Teen Drivers: Traffic Jams

You've been a licensed driver for a couple of months. You've been on the major highways, the winding and hilly back roads, and even been caught in the rain a few times. But have you been stuck in the ultimate driving headache bumper-to-bumper traffic?

Congestion, nighttime, and construction zone driving are tricky driving conditions that can turn the freedom of the open road into the claustrophobia of the dotted-line asphalt jungle.

Driving 5 Miles per Hour On the Freeway!

It is widely known that traffic jams can create some of the most frustrating and annoying behind-the-wheel scenarios. As a driver, you will inevitably come face-to-face with the beast called congestion. The trick to dealing with backups is being prepared and avoiding them whenever possible.

Here are some tips for avoiding traffic jams:

         The radio has more than just music. When you hop in the car, quickly check the local news station for the latest traffic report. Some areas even have traffic-only stations. If there is a jam, you'll be prepared and can try an alternate route.

         Take the road less traveled. Although highways may be the most direct route, back roads can be scenic and much less crowded, saving you the frustration of stop-and-go traffic.

         Rush hour isn't just a cute nickname. While in reality both the morning and afternoon traffic crunches last for several hours, they're called "rush hour" for a reason everyone's on the road and in a rush to get somewhere. Treat rush hour like bad weather if you don't have to go anywhere, stay off the roads.

And here are some tips for those unavoidable traffic jams:

         Don't break the law. You've gone 30 feet in 30 minutes and all of a sudden you see people using the shoulders as lanes. But not only is this illegal, there's a good chance they'll get caught better them forking over a couple of hundred bucks for a ticket than you!

         Pay extra attention to zig-zaggers. When people have somewhere to be, but can't get there, they can get pretty desperate and start switching lanes every 5 seconds. These people may even cut you off! Keep an eye out all windows and on all mirrors for these serial lane changers. If you can identify them, you can be prepared when they get close to you.

         Look for an escape. If it is possible to exit the road safely, do it. The longer you stay in the backup, the faster you may lose your patience. Carry a map or know your route well enough to adjust mid-trip if needed.

         Be courteous. Good manners may sound old-school, but common decency is not. In fact, politeness could help you avoid a collision. Many traffic jams involve multiple lanes merging. Understand the situation, and allow people in from a lane that is ending. Don't speed up to keep them out that increases your chances of crashing. And if you are in the lane that is ending, merge when it's your turn and try to remember to give a "thank-you" wave.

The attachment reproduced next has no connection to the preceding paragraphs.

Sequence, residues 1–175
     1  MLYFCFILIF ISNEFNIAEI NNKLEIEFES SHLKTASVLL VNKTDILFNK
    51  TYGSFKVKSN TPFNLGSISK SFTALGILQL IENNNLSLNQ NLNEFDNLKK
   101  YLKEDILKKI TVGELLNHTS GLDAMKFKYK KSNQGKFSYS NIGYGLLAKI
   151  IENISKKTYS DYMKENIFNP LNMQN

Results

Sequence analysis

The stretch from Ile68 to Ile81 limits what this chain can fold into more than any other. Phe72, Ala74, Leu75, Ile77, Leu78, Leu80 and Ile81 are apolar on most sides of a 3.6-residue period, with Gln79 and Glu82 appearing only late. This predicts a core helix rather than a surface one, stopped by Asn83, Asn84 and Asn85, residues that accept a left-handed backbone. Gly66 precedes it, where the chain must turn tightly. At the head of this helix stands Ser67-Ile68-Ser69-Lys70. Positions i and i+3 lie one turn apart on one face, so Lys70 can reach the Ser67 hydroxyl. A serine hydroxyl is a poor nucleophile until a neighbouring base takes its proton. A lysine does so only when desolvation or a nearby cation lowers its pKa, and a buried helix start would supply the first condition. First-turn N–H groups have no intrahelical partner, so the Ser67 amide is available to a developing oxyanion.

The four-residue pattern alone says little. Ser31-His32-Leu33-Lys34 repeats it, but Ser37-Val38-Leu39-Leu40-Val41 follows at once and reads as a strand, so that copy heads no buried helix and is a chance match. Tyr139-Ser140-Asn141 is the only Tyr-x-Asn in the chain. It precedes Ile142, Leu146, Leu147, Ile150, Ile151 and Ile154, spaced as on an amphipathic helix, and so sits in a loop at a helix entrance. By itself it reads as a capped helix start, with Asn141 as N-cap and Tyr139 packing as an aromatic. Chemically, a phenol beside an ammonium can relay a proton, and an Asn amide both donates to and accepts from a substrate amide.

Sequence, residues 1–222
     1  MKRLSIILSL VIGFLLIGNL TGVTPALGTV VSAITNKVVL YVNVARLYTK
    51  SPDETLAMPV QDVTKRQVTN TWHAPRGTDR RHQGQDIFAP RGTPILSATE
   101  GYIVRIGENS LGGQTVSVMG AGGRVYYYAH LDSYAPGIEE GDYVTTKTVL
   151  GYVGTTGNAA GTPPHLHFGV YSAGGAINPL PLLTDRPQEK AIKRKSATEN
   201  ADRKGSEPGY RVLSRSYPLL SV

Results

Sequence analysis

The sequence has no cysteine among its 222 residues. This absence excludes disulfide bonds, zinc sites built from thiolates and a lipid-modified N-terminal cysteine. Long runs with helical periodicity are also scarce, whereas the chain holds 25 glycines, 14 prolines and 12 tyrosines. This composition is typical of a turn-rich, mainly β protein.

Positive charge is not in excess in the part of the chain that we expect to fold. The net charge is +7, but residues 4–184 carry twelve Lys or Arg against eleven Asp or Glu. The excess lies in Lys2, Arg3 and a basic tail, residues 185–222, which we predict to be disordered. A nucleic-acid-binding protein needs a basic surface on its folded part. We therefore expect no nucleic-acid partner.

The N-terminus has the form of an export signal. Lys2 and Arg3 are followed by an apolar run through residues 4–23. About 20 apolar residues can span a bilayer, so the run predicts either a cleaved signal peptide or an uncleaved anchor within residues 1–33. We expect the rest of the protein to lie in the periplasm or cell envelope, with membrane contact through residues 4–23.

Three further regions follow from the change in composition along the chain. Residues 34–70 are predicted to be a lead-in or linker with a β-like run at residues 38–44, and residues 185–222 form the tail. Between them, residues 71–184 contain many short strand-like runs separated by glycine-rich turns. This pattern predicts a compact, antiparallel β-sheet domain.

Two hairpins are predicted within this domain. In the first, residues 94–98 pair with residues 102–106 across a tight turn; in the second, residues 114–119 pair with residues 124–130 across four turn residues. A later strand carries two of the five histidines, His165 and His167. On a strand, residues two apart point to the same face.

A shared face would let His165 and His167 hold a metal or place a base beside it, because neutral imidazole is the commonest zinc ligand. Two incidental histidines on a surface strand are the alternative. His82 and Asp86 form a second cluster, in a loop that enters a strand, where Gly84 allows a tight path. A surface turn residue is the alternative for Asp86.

Construction Craziness

Construction zones can appear overnight, turning a road you knew like the back of your hand into a completely different stretch of road. The key is to be on the lookout for clues to help you successfully navigate the work zone.

Construction Craziness

Construction zones can appear overnight, turning a road you knew like the back of your hand into a completely different stretch of road. The key is to be on the lookout for clues to help you successfully navigate the work zone.

You can do this by learning what all the different work zone signs mean. You probably know these signs are all orange, but what do they each mean? Do some research on your state's department of transportation's website so you know what to expect when you see a man with a shovel on an orange sign.

Other things to keep in mind in work zones include:

         Look out for and avoid debris. If you can do it safely, avoid running over debris in a work zone. Scrap metal or nails can cause flat tires and blowouts.

         Start slowing down as soon as you see a sign that says work zone ahead. Don't wait until you come to the zone and slam on your breaks.

         Don't forget the all-important rule of work zones FINES DOUBLE!

Remember, no matter how many times you travel a certain route, an accident or roadwork could pop up and cause unexpected delays. As a good rule of thumb always give yourself a little extra time. If you know your drive will take 15 minutes, give yourself 2530 minutes just to be safe.

Nighttime Is the Right Time to Pay Extra Attention to the Road

Nighttime driving is like the big brother to daytime driving. It's best to start driving after dark only after you have a lot of practice driving during the day and practice driving at night with an experienced driver.

Some other tips to help you adjust to the lack of light:

         Don't chase your headlights. Like a dog chasing its tail, a driver chasing his or her headlights will never work out. While driving at night, it's a good rule of thumb to travel at a speed that allows you to brake within the distance covered by your headlights. Some states even have slower speed limits for nighttime driving.

         Swarm to the light like a bug. When you begin night driving, try to stick to well-lit roads. These roads will have a higher visibility than darker back roads.

Houston, we have a bum headlight. You wouldn't go out into a rainstorm with a bad windshield wiper. So why venture into the darkness of night with a bum headlight or taillight? Before heading out at night, do a quick check to make sure all systems are go. Also check to make sure your windshield is clean inside and out. Too much grime can cause a monster glare from oncoming headlights.